Thursday, January 28, 2016

Book Review: Afta-U by Jennifer-Lynn Keniston


About Afta-U:

Michael’s smile broadened. “It seems you’re surprised to see me, Jean. Don’t tell me you thought that they’d leave an eleven-year-old boy locked away forever.”

Twenty-nine years after the tragic death of her childhood best friend, Hope, Jean Cartwright Rhodes returns to her hometown with her husband and daughter after she inherits the house her friend’s family once lived in. Now, years later, she finds herself haunted by a dark truth – and by the specter of Hope herself.

Every time Jean looks through her kitchen window, she sees two stark reminders of her troubled past; the Afta-U sailboat, ironically named after young Hope, and the old oak tree where her eleven-year-old friend met her death at the hands of another child.

Afta-U unfolds as a psychological chess match, a complex web of intrigue, unexpected relationships, lies, and devastating secrets as Jean stuggles with the impact of decisions she made long ago on all the lives around her. When Jean confronts and tries to come to grips with Hope’s killer, she finds herself waging a personal battle between madness and redemption.

Jennifer-Lynn Keniston:
Raised in Hanson, Massachusetts, the author earned a Master of Arts degree in English, from Bridgewater State College in Massachusetts, and a Bachelor of Arts degree in English, with a concentration in writing and a minor in philosophy, from Plymouth State College in New Hampshire. Jennifer-Lynn currently works as a project manager for a company that provides cloud software products for call centers at small, medium, and enterprise companies. In April 2014, she started her own business, Ansel Resume Resolution Services LLC, writing resumes and cover letters. She now lives and writes in Concord, New Hampshire, and enjoys teaching Spinning classes in her free time.


Review:

It’s amazing sometimes what the heart and soul can endure, and the characters in the novel Afta-U are definitely a testament to that. When the main character, Jean, moves into her best friend’s childhood home, she wants to feel connected to the innocence of her early years and the good memories of Hope, her best friend who tragically died at the age of eleven. Unfortunately, it doesn’t turn out that way.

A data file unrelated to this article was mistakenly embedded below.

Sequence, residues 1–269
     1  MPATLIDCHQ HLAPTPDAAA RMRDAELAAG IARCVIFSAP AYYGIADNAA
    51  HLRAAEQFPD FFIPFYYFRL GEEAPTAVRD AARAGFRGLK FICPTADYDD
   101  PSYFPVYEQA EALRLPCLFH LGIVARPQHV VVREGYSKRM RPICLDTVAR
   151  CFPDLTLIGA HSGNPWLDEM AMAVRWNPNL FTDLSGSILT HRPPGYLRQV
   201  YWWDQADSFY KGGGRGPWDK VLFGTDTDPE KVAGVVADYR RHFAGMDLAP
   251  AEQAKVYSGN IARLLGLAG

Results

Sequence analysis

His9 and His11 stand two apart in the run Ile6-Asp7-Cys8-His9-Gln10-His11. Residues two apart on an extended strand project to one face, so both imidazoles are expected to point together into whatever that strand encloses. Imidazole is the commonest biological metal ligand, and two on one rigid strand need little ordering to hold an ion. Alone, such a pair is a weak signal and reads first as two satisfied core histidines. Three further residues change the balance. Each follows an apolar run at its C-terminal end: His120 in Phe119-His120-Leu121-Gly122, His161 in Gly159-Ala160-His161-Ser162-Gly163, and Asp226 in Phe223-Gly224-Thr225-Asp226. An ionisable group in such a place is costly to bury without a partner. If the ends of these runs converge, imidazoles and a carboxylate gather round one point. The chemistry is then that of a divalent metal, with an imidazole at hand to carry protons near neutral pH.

As a parent, reading the details of Hope’s death was terrifying, especially seeing how quickly something meant to be a game can spiral out of control. The memory of that event is something Jean buried deep within herself and never truly confronted. But now she’s sharing Hope’s childhood home with the ghost of Hope herself, a solemn figure who doesn’t speak.

Constant reminders of you swirled around me every day. I could hear your laugh in the physical walls of my current house and the land itself, haunting echoes of my childhood memories of you.

The paragraph above is an example of how Jennifer-Lynn Keniston’s lyrical prose draws the reader in from the opening pages, along with the use of symbolism and the complex and often complicated nature of human relationships. The characterization is also excellent—I loved the character of Nick, Jean’s husband, and I loathed the two villans, Damian and Michael.

I think many of us can relate to the feeling of being overwhelmed by a traumatic event in our lives, and how it can make you want give up and stop fighting, even if just for a little while. Afta-U is a heartbreaking tale of the loss of childhood innocence, and how the emotional scars can find a way to resurface no matter how much time has passed. But it’s also a testament to how a person can heal if they can hold on to their faith and have a strong support system to lean on.

As a bonus, the author is also a talented poet, and poems that add depth to the story are interspersed throughout the novel:

Autumn
Red flames danced
As the white envelope
With black penned ink fell
Trying to silence the voice whose story it was to tell
A lamb’s choice breathes air to the fire below
Shifting from shielded innocence
To the heavy stature of a lioness
Defining a choice and one’s free will
The catcher of lost souls
A saddened sparrow weeps

As colored beach sand and tears freely flow

Learn more about the inspiration behind the book in this interview at WOW! Women on Writing.

1 comment:

Jennifer Keniston said...

Renee, thank you for the wonderful review and for hosting me on my book blog tour!